Cloud communications company Twilio (TWLO) announced its second-quarter earnings results on July 31 after the closing bell. The company continued to beat estimates and grow its business at a scorching pace. Twilio generated revenue of $275.0 million in the quarter, a remarkable rise of 86.1% YoY (year-over-year). The company blew past Wall Street’s expectation of $264 million.
The company’s revenue growth keeps accelerating. It’s now accelerated YoY in every quarter for over two years. This growth has been the biggest driver of its stock, which rose 3.2% in the first couple hours of trading today. The stock has risen an astonishing 480% in the last 18 months.
Twilio reported a non-GAAP profit
The company also posted its fifth-straight net profit on a non-GAAP (generally accepted accounting principles) basis. The company made $4.8 million in net income, a rise of 69.8% YoY.
On an adjusted basis, Twilio reported EPS of $0.03, beating analysts’ estimate of $0.02. The company has now exceeded Wall Street’s EPS expectations three times in the last four quarters.
Twilio continues to see stellar growth in its client base
The communications software maker continues to see robust growth in its number of active user accounts. At the end of the second quarter of 2019, Twilio had 161,869 active customer accounts—a stellar 182% rise from the 57,350 accounts it had in the same quarter last year.
The company’s acquisition of SendGrid helped propel not only its revenue but also its number of active customer accounts. The second quarter was its first full quarter following the acquisition.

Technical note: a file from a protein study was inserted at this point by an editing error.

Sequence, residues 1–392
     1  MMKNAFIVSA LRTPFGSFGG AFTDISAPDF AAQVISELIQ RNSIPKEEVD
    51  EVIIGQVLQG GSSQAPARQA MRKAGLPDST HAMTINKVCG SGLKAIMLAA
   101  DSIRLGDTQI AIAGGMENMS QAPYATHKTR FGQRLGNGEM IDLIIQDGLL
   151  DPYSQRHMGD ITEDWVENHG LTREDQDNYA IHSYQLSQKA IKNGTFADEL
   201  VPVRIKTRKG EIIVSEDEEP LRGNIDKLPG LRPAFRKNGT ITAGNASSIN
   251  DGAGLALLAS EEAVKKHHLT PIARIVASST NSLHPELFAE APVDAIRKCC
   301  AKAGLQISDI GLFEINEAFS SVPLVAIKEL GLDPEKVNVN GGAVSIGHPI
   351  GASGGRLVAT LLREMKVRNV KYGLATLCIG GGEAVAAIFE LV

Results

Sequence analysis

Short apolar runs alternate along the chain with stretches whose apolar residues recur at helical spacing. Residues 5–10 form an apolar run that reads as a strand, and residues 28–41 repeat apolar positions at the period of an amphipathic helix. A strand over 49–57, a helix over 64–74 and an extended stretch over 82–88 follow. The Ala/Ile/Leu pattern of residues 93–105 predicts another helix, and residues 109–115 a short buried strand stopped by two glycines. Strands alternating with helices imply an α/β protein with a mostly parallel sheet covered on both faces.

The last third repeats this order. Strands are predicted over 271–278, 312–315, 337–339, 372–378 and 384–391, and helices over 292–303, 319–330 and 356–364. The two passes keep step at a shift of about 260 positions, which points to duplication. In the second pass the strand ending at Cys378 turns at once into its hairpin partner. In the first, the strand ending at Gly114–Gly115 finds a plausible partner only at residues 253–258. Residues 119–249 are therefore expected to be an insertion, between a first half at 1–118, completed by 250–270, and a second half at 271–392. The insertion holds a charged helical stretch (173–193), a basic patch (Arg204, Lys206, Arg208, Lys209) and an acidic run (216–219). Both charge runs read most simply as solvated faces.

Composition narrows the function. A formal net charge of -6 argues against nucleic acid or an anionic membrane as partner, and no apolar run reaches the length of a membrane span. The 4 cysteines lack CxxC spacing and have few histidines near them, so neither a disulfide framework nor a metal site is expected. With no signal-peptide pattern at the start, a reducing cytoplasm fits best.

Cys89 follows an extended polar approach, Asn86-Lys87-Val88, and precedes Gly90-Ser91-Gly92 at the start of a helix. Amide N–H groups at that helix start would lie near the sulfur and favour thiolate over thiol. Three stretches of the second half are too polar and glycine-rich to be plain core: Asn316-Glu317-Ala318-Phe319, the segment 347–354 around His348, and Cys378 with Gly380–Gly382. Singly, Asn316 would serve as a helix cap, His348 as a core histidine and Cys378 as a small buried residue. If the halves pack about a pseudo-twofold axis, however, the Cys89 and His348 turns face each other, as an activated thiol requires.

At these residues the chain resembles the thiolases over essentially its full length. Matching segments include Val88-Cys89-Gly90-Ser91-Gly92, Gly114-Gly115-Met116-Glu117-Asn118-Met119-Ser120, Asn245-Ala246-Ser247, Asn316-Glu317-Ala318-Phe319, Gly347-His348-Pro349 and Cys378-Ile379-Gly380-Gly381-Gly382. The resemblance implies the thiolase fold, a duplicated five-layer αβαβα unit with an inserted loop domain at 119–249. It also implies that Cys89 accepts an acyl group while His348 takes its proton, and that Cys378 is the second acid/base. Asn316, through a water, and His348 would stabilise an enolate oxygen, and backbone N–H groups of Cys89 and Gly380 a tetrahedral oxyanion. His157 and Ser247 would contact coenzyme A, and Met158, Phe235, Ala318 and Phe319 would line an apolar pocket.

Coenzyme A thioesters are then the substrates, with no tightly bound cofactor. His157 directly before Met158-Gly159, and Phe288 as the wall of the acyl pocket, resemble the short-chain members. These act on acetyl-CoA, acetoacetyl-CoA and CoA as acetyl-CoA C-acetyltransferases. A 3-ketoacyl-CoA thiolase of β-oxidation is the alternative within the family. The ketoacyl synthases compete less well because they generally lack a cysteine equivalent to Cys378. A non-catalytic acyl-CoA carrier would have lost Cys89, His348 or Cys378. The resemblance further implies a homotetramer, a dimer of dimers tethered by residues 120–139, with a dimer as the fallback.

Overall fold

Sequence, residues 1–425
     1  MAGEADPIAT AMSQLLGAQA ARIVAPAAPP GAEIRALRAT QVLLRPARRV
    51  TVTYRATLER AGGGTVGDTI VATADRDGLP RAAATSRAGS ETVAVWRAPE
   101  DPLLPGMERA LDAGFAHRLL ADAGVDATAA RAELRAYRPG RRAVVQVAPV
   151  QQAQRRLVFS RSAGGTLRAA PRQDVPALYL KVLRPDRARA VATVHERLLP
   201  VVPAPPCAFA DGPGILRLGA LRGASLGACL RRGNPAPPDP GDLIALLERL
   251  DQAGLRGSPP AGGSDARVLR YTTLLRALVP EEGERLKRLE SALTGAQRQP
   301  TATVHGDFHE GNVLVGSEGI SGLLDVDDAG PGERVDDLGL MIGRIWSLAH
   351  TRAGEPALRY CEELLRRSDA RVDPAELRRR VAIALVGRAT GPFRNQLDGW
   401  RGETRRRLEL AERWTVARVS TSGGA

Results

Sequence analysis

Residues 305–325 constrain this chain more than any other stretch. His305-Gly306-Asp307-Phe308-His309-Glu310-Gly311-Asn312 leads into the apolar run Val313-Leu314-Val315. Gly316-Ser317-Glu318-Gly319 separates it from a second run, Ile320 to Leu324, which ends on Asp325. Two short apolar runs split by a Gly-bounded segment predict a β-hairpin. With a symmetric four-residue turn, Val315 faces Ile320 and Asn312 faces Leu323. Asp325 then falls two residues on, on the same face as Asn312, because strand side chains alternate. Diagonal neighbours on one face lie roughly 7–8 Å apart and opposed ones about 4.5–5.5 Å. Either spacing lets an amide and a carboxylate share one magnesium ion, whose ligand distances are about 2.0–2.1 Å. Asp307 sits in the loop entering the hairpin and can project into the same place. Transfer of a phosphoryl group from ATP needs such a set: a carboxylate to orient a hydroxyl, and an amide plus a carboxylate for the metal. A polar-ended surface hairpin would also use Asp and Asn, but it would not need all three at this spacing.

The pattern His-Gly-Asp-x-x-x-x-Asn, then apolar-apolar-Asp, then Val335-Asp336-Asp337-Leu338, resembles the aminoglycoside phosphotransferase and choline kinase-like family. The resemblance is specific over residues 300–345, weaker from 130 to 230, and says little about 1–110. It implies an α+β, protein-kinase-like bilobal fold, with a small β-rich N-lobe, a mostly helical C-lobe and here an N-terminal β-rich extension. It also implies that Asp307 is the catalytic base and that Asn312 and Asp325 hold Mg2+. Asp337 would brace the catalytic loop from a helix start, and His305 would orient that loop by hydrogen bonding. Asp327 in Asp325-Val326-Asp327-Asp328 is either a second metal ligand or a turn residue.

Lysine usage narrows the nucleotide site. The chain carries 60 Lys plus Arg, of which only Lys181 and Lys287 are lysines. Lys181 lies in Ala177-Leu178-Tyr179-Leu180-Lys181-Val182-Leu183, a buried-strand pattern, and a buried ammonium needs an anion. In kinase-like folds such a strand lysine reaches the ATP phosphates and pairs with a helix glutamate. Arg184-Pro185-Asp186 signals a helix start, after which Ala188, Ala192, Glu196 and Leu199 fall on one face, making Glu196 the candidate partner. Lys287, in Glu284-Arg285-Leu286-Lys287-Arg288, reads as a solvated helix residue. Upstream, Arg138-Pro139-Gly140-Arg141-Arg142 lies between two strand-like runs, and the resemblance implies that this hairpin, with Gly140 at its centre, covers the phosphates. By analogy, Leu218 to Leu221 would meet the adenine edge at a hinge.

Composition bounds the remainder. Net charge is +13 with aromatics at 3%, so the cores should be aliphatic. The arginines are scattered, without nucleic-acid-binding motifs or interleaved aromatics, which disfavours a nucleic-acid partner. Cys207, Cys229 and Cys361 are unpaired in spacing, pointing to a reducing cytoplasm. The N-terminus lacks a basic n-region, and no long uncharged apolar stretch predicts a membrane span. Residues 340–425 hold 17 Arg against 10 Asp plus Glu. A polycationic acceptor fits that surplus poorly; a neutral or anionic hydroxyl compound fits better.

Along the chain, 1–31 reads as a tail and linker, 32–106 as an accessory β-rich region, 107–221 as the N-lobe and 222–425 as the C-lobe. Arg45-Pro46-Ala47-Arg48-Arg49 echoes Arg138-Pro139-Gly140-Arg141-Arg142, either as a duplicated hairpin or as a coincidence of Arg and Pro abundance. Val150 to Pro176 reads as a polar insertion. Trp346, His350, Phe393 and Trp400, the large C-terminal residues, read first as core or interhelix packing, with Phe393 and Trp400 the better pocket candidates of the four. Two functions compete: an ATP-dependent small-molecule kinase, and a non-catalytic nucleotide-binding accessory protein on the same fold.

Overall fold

Meanwhile, the company said that its top ten active customer accounts had contributed 13% of its total revenue in the second quarter, a slight decline from 14% in the first quarter and 17% in the second quarter of 2018. The decline was a sign of Twilio’s reducing its dependence on its main clients and increasing its client base.
Twilio continues to garner more revenue from clients
Twilio’s dollar-based net expansion rate is a metric that measures revenue growth from its active customer accounts but excludes the effects of active customer account growth. The metric is a gauge of the company’s bargaining power with its customers.
The company’s dollar-based net expansion rate was 140%, meaning that its revenue from its active customer accounts rose 40% in the second quarter compared to the same quarter last year. That number was slightly lower than 146% in the first quarter.
Twilio provided third-quarter EPS guidance of $0.02 on revenue of $289 million. This guidance was better than Wall Street’s expectation of EPS of $0.01 on revenue of $285.6 million.
The company is well on its way toward reaching revenue of $1 billion for the year. Its tremendous growth acceleration, however, has caused its stock to appear very expensive. It’s currently trading at over 12.8x its 2020 expected revenue.